40. Do We Exist?
" @Paris Van-Del

I admit I haven't seen all of her shows and interviews but I've been watching what I can since 2000 as well and I personally think she was more open about it after she moved to America."

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Reply
41. Do We Exist?
"@Paris Van-Del

And anyway, at the end of the day, it's up to her how and who she wants to be and whenever so I don't really want to discuss in great detail her sexuality and how often she's mentioned it. I'm just happy shes comfortable enough to speak and joke about it."

**
42. Chijoy Phillip
"She definitely has a good Yoruba accent when imitating her mum"

**
43. Serenaissance
"I'm glad Gina is doing so well abroad, British media executives never gave her her dues for the exact reasons she's thriving in the US now"

**
44. Shortblock Flexinit
"I just saw her on Wendy yesterday, and not only is she still with Nina, her mother and Nina are practically best friends. Love it!"
-snip-
This comment was published in May 2021. 

**
45. 
Wolfsong Moondancer
"'You don't know this woman, stranger danger...'. This cracked me up, she's brilliant! πŸ˜†πŸ˜‚πŸ€£"

**
46. John Doa
"Another great British export"

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47. itsjemmabond
"Actually, the kneeling down before your elders only occurs in Yoruba culture."

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48. majda vojnikovic
"Near enough :)"

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49. Thoughts of a Teen
"Nigerian and Yoruba are very often hand in hand"

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Reply
50. Rabibi Lah
" @Thoughts of a Teen  not quite. Yoruba is only one out of 250 cultures in Nigeria."

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Reply
51. Rabibi Lah
"@Thoughts of a Teen  that inaccurate Yoruba is one of 3 major groups but not the only one. Then there’s 250+ other cultures in the same country. It’s like saying a small segment of people represent a whole country. Not all Nigerians kneel for elders (some might curtsy or bend one knee) and only Yoruba men prostrate aka the push up greeting (none of the other ethnicities’ men do that). That’s strictly Yoruba people in the south west"

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52. Eghonghon Imarenezor
"not only Yoruba, I can't speak for other groups in Nigeria but Edo people definitely kneel down."

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53. Kasmir's Daughter
"Not true. It’s simply Nigerian culture. The only difference is Yorubas expect it from everyone. Whereas in other parts of Nigeria it’s only expected for fathers and for when a wife serves her husband his meals for example. My parents did not expect it from us but I had aunties who knelt to serve their husbands. Hausa and Igbo aunties so it’s simply the custom in Nigerian."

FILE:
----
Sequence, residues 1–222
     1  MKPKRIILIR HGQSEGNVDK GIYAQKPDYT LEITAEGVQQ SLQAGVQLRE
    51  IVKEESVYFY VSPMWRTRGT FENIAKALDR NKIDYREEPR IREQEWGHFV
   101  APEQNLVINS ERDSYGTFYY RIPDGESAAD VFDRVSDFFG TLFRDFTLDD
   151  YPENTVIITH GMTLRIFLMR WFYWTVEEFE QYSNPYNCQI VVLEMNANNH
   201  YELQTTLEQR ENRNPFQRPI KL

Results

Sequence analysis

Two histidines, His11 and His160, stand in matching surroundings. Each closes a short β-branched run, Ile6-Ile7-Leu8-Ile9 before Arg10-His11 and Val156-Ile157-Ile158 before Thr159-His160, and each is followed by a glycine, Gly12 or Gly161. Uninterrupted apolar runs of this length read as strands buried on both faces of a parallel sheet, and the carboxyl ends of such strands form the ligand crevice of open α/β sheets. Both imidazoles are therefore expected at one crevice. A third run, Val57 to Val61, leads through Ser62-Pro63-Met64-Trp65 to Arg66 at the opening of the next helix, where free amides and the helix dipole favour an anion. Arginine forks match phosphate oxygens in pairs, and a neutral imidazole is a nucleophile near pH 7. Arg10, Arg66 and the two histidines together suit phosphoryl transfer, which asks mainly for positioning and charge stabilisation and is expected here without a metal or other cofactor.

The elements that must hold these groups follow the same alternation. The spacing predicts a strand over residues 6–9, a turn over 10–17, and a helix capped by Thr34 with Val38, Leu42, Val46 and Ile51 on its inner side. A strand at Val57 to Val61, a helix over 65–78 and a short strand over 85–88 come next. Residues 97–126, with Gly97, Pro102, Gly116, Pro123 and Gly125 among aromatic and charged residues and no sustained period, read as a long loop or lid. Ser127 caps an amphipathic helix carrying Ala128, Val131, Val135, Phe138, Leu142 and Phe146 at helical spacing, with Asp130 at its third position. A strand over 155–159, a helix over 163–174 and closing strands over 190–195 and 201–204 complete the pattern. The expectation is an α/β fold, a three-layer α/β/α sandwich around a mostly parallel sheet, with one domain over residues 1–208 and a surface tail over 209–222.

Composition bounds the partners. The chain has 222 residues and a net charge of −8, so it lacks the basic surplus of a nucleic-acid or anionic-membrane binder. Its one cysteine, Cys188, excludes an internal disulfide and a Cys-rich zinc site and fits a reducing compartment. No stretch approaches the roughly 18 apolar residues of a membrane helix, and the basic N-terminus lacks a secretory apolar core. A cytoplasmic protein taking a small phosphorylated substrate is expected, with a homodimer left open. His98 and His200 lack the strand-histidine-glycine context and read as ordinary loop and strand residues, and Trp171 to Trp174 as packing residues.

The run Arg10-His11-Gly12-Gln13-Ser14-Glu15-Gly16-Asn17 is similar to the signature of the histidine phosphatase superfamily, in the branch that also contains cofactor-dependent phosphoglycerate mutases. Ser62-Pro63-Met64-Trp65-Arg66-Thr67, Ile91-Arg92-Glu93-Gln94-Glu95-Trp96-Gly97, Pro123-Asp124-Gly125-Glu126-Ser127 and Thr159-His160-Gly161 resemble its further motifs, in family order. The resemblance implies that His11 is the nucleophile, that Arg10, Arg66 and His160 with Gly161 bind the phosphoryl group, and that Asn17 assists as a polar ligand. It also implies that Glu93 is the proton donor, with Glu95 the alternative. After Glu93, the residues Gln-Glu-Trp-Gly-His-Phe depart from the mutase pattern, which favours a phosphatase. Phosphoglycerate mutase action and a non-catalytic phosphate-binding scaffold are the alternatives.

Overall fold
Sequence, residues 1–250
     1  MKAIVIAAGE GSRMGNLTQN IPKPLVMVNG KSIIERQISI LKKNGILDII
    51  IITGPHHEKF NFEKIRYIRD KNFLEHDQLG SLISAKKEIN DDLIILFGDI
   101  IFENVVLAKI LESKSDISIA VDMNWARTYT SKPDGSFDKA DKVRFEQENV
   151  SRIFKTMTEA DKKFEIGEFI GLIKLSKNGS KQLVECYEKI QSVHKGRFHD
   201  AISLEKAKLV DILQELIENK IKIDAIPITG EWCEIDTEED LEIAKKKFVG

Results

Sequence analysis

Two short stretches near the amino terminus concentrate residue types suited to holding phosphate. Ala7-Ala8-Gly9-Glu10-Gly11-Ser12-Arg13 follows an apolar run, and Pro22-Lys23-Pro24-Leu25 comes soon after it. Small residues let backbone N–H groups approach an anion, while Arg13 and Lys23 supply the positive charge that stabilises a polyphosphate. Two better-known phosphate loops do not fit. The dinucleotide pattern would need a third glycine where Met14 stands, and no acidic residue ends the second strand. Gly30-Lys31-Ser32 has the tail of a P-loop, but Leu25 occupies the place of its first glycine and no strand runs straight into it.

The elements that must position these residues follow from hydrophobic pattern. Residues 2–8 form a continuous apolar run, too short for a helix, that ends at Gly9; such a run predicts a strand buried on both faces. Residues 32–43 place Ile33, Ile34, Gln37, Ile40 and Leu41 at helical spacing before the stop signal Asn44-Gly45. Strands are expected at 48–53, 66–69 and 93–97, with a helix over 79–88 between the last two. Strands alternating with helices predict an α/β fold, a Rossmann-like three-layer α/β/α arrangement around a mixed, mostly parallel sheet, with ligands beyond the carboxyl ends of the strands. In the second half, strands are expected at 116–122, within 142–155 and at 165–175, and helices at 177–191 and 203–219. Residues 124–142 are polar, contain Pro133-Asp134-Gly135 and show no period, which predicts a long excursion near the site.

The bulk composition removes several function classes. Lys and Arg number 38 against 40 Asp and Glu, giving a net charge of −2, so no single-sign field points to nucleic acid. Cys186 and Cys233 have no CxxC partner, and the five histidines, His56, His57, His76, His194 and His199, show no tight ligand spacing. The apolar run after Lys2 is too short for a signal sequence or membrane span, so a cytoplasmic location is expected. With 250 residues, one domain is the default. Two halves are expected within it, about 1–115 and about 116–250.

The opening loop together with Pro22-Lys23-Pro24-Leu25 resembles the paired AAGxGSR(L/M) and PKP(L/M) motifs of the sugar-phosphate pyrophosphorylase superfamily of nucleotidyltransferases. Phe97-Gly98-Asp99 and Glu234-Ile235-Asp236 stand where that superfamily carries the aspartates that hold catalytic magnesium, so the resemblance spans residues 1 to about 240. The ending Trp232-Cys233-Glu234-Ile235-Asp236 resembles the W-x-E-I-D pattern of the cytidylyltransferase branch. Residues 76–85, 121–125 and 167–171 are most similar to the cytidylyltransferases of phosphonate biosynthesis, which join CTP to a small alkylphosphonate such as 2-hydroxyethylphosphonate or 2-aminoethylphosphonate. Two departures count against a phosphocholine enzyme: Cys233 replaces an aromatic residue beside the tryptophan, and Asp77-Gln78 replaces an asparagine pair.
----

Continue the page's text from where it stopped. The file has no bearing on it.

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54. Mariah Henderson
"@Kasmir's Daughter  I'm Igbo and you just had to do a slight bow and maybe a handshake while saying "good afternoon(depends on the time) uncle/aunty".

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55. 
itsjemmabond
"@Kasmir's Daughter  That's weird. I'm from Imo, and I seldom saw that."

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56. Mariah Henderson
"@Kasmir's Daughter  I'm Igbo and you just had to do a slight bow and maybe a handshake while saying "good afternoon(depends on the time) uncle/aunty".

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57. Jaypee’s Escape
"No it’s also a delta and Igbo thing. In delta it’s called jigwe. A lot of other culture do the whole prostrating thing but Yourba people carry it on their head (no offense)"

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58. itsjemmabond
"@Jaypee’s Escape  Really? Because I'm Igbo, and I never once came across the kneeling for your elders greeting."

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59. SylviasWorld
"@Eghonghon Imarenezor  Edo's and Yoruba's are historically linked though. There is a culture crossover between the two tribes."

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60. SylviasWorld
"@Kasmir's Daughter  No, it's not 'simply Nigerian culture' actually. In fact for Igbo's its not expected or generally encouraged to bow to your fellow man. Respect to elders in the Igbo culture is more in how you speak to them, how you physically take and give and object etc. You may give a slight nod which lowers your neck and back but that would not qualify as a bow in Yoruba culture in which the prostration or courtesy is very much pronounced. It's just not expected with Igbo's and it's not a lack of respect or rude if you don't for the most part."